After we’d finished eating, I noticed a twinge in my abdomen. It repeated, so I watched the clock and realised it came every three minutes. Knowing these were real, regular contractions made me excited and emotional. When I fetched the midwife and explained what was happening, she was sceptical. I think I was handling things a little too well!
Once I explained how powerful each tightening was, she agreed to monitor me. I sat on a birthing ball, breathing steadily and rotating my hips, while a belt was wrapped around my bump, and a reading taken. After an hour the midwife returned and, sure enough, confirmed my contractions were frequent.
It was enough for her to examine me again. I’d reached 4cm dilated, so my waters could be broken. The midwife pierced the amniotic sac, and I felt a big gush as fluid escaped. It was all quick and painless.
Now we could be moved to a delivery suite. We were shown to a room that was a bit more clinical looking than the last one. Keen to get back ‘in the zone’, I asked for the lights to be dimmed, and for Michael to put on relaxing music. Although I was calm enough for labour to progress, by 10pm the midwife said the drip would help keep things moving.
A cannula was inserted into my hand and the hormone got to work. The tubes were placed strategically so I could move around on the ball, which helped to ease the pressure. Soon, the contractions ramped up to another level, becoming really strong and relentless. They took my breath away.
An ongoing joke from the midwife helped to lighten the mood - she said she had a bet with her colleagues on me delivering the first baby after midnight! Between contractions, I had to laugh. But then, as it approached 11.30pm my confidence about making that local newspaper shattered.
With no break in contractions, I started doubting my strength. I begged the midwife for another examination, but instead she helped me onto the bed for a look. “The baby’s coming,” she smiled. “I’m going to lose my bet!”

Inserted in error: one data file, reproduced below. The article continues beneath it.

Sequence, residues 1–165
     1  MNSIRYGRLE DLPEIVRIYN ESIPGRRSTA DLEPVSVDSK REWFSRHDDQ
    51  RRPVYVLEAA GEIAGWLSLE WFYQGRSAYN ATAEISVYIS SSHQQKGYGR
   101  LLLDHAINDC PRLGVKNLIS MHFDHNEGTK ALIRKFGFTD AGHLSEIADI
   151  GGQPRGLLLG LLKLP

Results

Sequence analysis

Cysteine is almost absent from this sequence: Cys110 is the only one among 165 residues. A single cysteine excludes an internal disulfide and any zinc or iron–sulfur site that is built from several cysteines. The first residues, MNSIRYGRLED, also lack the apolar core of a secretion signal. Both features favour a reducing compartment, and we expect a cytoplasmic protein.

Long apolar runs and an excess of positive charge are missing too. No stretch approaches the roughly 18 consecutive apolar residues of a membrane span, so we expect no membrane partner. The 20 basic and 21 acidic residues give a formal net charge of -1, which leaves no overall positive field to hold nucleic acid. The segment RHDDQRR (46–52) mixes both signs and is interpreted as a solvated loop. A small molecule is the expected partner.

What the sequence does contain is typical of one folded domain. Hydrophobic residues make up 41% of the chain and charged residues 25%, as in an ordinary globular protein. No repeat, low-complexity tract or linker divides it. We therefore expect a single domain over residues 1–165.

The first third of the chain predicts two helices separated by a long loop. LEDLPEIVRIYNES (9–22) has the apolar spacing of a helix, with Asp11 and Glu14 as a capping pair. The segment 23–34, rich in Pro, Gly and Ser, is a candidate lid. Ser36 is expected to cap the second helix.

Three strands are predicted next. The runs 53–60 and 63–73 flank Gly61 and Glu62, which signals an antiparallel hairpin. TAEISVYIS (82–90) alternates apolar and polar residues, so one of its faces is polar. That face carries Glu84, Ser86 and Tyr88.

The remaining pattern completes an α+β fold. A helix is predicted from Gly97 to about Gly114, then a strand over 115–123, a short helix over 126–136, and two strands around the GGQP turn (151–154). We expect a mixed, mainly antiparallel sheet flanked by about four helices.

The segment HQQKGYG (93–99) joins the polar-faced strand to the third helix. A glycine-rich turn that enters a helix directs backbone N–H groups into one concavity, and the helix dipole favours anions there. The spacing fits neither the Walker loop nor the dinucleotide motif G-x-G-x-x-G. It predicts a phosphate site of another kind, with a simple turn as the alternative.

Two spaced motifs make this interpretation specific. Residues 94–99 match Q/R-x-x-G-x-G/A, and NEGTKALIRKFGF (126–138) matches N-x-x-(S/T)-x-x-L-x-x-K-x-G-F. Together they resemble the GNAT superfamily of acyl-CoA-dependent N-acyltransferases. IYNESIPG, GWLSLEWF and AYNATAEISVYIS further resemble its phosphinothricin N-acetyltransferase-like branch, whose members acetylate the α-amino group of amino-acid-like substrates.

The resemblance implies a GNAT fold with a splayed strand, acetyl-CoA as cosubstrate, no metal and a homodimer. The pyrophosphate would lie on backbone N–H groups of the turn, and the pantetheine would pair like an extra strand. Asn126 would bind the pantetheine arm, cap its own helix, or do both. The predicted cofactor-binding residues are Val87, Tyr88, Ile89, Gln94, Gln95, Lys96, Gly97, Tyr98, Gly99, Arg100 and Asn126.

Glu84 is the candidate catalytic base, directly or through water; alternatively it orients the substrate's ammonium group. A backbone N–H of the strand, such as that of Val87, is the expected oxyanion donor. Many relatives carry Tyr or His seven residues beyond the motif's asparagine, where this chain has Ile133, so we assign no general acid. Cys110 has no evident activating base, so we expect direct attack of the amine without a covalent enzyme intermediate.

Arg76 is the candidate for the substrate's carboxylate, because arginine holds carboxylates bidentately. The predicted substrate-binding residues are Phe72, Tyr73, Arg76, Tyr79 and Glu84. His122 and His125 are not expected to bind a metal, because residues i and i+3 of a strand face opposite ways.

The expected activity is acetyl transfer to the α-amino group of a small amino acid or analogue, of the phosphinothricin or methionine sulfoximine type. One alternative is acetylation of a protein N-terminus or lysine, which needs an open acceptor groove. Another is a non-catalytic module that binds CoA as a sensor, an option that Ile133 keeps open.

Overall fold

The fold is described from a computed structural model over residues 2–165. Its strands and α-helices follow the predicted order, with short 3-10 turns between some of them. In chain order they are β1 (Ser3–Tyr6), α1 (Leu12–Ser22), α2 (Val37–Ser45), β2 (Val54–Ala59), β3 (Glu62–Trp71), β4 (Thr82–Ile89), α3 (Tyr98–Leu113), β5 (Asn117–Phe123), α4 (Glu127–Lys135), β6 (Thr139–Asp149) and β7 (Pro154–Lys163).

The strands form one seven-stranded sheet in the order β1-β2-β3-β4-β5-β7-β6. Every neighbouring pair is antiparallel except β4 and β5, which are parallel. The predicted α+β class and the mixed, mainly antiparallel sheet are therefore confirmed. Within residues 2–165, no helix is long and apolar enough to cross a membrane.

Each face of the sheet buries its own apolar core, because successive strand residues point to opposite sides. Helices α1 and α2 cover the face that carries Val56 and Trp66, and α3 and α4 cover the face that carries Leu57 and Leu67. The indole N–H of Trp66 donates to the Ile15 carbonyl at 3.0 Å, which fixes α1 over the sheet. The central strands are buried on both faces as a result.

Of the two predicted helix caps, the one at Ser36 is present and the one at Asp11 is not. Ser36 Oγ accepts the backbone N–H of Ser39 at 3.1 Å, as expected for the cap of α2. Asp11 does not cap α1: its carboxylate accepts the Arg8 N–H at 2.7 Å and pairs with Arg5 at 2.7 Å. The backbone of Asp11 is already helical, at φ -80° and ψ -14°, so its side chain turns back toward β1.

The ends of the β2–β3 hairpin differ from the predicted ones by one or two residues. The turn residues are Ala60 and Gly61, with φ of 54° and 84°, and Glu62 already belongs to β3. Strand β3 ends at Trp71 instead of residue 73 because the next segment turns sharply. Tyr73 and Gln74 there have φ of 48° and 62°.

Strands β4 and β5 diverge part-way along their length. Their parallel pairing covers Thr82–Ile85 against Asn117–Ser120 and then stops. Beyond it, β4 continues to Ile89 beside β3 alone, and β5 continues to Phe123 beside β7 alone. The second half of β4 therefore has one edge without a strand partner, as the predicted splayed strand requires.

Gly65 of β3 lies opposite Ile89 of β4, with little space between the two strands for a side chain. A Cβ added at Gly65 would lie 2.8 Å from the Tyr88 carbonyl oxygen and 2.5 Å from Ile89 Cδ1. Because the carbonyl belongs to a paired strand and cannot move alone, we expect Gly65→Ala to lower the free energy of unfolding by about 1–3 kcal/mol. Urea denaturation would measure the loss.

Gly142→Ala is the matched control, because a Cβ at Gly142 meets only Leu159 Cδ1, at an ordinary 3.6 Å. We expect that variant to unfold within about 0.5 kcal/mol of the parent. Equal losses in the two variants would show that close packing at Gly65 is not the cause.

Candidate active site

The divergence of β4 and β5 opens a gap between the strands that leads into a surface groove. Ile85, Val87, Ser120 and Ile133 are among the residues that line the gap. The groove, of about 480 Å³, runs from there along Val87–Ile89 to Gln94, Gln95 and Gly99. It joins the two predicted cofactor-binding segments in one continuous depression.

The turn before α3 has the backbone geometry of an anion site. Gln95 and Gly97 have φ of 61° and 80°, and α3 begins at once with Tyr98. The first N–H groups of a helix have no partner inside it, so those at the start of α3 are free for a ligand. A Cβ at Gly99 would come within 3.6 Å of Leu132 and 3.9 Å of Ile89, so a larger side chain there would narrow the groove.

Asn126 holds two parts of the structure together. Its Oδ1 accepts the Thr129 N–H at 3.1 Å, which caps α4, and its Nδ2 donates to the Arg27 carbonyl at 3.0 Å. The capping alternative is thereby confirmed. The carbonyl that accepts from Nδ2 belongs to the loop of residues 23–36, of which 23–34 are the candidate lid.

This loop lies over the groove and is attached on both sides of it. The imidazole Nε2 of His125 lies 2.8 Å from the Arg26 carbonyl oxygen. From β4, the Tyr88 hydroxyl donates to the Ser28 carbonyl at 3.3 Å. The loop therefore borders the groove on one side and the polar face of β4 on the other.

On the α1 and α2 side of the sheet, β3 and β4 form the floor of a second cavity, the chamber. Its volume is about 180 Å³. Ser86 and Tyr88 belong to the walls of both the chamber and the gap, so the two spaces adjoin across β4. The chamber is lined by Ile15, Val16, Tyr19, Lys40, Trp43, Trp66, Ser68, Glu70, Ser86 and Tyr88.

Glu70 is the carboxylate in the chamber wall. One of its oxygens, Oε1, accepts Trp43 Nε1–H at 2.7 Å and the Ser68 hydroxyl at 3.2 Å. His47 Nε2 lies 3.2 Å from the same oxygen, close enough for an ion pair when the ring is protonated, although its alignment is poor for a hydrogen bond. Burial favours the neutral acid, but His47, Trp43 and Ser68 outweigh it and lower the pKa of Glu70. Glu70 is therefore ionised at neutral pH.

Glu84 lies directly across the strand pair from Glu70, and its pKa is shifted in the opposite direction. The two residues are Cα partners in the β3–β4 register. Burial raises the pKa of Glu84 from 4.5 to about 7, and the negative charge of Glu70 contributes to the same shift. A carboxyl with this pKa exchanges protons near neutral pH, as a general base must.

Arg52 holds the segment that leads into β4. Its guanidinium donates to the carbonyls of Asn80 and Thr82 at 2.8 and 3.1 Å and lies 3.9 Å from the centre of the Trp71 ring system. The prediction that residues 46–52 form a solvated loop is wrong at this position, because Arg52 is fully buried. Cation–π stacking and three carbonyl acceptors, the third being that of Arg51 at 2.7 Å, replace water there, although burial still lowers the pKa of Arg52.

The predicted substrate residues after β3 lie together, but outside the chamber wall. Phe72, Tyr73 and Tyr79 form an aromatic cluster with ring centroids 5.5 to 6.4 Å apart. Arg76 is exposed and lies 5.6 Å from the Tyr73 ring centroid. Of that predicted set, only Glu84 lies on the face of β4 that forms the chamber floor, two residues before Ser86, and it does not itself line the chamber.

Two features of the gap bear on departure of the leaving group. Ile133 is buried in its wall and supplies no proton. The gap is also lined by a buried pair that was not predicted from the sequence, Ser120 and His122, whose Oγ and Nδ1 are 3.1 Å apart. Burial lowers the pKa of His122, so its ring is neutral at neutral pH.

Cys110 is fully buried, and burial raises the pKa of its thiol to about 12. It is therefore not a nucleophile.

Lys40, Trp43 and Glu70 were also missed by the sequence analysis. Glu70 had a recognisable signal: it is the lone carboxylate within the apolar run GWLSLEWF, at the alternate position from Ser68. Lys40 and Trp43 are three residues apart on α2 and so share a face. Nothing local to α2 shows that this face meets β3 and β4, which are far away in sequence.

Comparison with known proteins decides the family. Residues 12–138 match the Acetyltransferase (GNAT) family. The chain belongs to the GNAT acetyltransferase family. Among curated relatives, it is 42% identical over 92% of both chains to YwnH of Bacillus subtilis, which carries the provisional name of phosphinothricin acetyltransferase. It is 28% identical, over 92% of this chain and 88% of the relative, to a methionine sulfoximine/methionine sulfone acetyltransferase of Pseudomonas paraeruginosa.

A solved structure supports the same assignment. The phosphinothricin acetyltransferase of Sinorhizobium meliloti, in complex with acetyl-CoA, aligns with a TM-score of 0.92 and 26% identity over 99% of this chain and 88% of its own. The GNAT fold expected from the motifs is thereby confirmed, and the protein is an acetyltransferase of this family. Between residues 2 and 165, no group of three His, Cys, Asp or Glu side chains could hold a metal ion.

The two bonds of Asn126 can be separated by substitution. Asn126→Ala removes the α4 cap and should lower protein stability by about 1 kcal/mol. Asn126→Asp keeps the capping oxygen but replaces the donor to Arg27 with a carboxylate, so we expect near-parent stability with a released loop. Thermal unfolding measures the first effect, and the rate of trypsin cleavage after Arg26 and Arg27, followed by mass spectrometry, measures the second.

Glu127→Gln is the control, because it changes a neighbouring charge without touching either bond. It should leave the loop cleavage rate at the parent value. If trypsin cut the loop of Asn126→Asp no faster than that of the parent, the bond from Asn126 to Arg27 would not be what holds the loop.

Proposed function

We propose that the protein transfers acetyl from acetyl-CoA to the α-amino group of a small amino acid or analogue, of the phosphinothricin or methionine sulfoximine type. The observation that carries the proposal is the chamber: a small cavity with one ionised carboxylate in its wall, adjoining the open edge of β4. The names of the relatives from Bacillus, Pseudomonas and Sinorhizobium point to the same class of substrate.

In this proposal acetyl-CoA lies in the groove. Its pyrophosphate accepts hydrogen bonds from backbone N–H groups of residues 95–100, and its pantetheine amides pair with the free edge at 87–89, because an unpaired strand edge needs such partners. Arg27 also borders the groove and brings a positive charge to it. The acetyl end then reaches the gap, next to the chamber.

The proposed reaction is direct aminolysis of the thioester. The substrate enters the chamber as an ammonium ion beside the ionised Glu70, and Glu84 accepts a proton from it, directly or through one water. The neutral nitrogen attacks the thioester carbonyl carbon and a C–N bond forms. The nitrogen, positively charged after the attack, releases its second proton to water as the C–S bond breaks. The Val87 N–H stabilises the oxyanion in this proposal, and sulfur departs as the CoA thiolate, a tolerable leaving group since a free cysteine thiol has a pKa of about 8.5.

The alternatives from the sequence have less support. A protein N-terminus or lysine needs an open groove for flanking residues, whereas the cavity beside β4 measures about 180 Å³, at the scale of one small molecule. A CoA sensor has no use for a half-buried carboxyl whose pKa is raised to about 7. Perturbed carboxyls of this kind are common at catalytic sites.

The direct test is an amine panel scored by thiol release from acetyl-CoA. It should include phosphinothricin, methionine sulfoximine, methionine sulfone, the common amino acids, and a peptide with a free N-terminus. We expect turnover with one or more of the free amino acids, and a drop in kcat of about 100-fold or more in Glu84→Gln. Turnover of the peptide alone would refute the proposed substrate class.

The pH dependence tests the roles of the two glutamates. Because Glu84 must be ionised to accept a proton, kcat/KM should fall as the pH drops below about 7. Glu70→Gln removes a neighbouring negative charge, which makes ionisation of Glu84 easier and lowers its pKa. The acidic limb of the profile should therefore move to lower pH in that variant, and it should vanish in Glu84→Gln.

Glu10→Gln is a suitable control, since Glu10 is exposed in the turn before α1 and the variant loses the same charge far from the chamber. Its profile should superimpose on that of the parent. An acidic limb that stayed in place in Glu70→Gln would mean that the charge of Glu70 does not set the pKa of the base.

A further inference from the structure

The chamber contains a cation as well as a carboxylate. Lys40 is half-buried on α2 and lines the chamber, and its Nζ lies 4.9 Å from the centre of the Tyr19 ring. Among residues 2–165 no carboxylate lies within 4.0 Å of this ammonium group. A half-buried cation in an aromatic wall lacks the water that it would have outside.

By now, that New Year challenge couldn’t have been further from my mind! Reassured I could start pushing, I began to bear down and my body led the way. I felt an urgent, low pressure, followed by relief, as the baby’s head came out. Then, seconds later, another urge to push took over and with the help of the midwife, I placed my hands down and guided the body out.
Our baby girl was placed on my chest for skin to skin, and relief flooded my body. Baby Wynter was beautiful, and at 5lb 13oz, perfectly healthy. Michael and I couldn’t stop smiling. With ten minutes until the clocks struck midnight, it was the best New Year’s Eve of our lives.
As we shared precious cuddles, we noticed the sound of fireworks outside. My phone started ringing, and when I answered that video call from my family they got a wonderful surprise. “Happy New Year!” Michael and I beamed, putting baby Wynter on screen. Their reaction was priceless. There were gasps, tears, and lots of raised champagne flutes.
I may not have had my planned home birth, and I never did make newspaper headlines, but Wynter’s birth couldn’t have gone better. I felt supported by the midwives, empowered by my choices, and thrilled to have another reason to celebrate every 31st December. This year we’re planning a festive family meal, although we’ll have to play things by ear. I’m pregnant again - due 8th January - so there’s the real possibility of another New Year baby!